C. Diff (Clostridioides Difficile) Infection in Children
Medically reviewed by Drugs.com. Last updated on Jun 6, 2022.
Clostridioides difficile, Clostridium difficile, or C. diff, is a bacterium that causes diarrhea, irritation, and swelling of your child's colon. Antibiotic use is the most common cause of CDI. The bowel movement of a person with a CDI contains C. diff. Infected people who do not wash their hands properly after having a bowel movement can spread C. diff. The bacteria can live a long time on surfaces your child touches, such as the tops of tables.
WHILE YOU ARE HERE:
is a legal document that explains the tests, treatments, or procedures that your child may need. Informed consent means you understand what will be done and can make decisions about what you want. You give your permission when you sign the consent form. You can have someone sign this form for you if you are not able to sign it. You have the right to understand your child's medical care in words you know. Before you sign the consent form, understand the risks and benefits of what will be done to your child. Make sure all of your questions are answered.
Intake and output
may be measured. Healthcare providers will keep track of the amount of liquid your child is getting. They also may need to know how much your child is urinating. Ask healthcare providers if they need to measure or collect your child's urine.
is a small tube placed in your child's vein that is used to give medicine or liquids.
Measures will be taken to help prevent C. diff from spreading to other people. These measures are called contact precautions. Healthcare providers will wear gloves and a gown. You and your child's visitors will also be asked to wear gloves and a gown. Everyone should wash their hands with germ-killing soap after touching your child or leaving his or her room. Your child may be in a room by himself or herself. Anything your child uses will not be shared with others.
- Antibiotics help treat or prevent an infection caused by bacteria. If antibiotics caused the CDI, your child may need to stop taking them and switch to a different antibiotic.
- Immune globulin medicine may be used to help your child's immune system if he or she has a severe CDI.
- Blood tests may show signs of infection in your child's body or bloodstream.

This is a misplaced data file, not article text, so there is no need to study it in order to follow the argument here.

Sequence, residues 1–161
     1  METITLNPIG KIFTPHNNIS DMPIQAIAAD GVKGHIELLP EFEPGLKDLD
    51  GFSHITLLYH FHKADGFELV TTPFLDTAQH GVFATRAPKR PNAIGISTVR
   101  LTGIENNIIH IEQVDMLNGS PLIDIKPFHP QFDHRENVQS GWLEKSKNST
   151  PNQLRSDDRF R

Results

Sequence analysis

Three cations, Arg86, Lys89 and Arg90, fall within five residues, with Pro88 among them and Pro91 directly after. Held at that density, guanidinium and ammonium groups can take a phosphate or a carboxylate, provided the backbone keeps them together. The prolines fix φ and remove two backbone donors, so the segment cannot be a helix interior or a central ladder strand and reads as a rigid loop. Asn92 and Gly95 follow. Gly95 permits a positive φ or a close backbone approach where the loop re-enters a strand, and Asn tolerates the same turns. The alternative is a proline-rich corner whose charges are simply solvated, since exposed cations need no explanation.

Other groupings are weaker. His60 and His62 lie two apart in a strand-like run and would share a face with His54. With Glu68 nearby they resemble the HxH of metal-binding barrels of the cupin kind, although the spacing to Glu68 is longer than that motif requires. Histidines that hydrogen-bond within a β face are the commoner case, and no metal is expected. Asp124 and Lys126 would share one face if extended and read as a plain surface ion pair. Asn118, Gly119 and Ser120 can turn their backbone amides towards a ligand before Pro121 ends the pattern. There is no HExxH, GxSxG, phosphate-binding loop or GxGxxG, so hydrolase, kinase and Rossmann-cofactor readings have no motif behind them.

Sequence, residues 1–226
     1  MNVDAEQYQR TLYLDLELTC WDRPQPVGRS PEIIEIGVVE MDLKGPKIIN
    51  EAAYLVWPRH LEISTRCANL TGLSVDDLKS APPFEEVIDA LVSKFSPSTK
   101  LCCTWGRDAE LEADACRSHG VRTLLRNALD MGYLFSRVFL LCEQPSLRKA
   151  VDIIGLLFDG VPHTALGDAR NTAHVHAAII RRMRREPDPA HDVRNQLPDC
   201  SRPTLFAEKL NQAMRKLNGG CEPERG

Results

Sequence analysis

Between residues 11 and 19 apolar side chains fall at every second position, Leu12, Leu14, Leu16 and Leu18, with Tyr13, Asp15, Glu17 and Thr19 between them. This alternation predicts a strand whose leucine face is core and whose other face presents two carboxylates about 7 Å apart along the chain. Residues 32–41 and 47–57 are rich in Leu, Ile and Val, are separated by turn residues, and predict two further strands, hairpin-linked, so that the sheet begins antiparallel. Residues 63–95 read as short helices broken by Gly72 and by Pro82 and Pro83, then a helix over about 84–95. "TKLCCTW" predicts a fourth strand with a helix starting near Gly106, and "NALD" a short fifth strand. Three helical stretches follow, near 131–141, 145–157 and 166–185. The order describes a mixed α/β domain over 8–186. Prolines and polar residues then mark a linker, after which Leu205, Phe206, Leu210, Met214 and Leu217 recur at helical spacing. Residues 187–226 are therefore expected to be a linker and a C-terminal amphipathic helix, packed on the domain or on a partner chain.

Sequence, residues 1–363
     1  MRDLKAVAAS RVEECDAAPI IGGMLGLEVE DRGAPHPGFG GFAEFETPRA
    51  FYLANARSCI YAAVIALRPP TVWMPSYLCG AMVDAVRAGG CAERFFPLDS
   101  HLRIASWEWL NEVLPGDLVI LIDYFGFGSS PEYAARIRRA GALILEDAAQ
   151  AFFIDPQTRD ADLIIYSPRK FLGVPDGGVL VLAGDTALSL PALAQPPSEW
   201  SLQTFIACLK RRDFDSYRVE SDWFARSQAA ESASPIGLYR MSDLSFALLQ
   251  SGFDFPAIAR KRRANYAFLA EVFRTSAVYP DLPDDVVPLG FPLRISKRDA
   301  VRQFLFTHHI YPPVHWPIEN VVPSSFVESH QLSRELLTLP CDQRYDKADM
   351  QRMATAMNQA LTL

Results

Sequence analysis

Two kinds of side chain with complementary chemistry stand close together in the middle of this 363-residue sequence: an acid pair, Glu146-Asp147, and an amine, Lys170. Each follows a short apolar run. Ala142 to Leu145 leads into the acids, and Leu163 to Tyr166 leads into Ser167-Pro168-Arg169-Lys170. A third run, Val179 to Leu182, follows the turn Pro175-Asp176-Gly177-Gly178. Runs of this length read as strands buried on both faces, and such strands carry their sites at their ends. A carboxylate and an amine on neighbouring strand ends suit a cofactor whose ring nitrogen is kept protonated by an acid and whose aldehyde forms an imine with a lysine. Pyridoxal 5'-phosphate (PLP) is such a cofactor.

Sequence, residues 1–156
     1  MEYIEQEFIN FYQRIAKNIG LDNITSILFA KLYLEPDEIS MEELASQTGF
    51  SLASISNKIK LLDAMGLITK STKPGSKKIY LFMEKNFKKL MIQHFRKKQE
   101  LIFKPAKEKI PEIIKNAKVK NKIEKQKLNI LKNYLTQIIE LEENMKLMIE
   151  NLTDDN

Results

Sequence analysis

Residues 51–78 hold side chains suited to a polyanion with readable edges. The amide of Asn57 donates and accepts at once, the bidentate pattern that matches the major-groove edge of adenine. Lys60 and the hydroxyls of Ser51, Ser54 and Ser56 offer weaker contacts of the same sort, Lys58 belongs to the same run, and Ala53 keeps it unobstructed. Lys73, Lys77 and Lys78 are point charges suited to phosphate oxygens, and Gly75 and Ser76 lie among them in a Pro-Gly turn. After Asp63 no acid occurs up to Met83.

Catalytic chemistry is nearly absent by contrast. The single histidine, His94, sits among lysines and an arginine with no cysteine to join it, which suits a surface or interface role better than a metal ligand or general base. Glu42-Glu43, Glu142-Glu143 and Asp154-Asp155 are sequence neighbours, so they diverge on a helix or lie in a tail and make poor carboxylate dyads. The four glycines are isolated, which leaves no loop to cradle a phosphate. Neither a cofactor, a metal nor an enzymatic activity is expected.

- A colonoscopy or sigmoidoscopy may be used to look for problems in your child's colon. A scope is a long, bendable tube with a light on the end. The scope may also have a camera on it. The scope is put into your child's anus and moved forward into the large colon. Your child's provider may also take pictures or collect samples to send to a lab for tests.
- CT scan pictures may be used to check your child's abdomen and intestines. Your child may be given contrast liquid to help the colon show up better in the pictures. Tell the healthcare provider if your child has ever had an allergic reaction to contrast liquid.
Surgery called colectomy may be needed if your child's CDI is severe or damaged his or her colon. During surgery, part of the colon is removed.
- Your child is at risk of dehydration if diarrhea and vomiting causes too much fluid loss. Fluid loss can also decrease or increase the amount of electrolytes in your child's body. This can cause seizures or problems with how your child's heart works. Your child's blood pressure may drop too low and he or she may faint. These problems can be life-threatening. Medicine used to treat a CDI may cause vomiting, mouth irritation, or skin rashes. The medicine may not kill enough C. diff bacteria. Your child may get a CDI again, even after treatment.
- Without treatment, a CDI can lead to sepsis (blood infection), or an enlarged colon. Your child's colon may get damaged, or his or her kidneys may stop working. The risk of serious or life-threatening problems from a CDI is greater if your child already has other medical problems.
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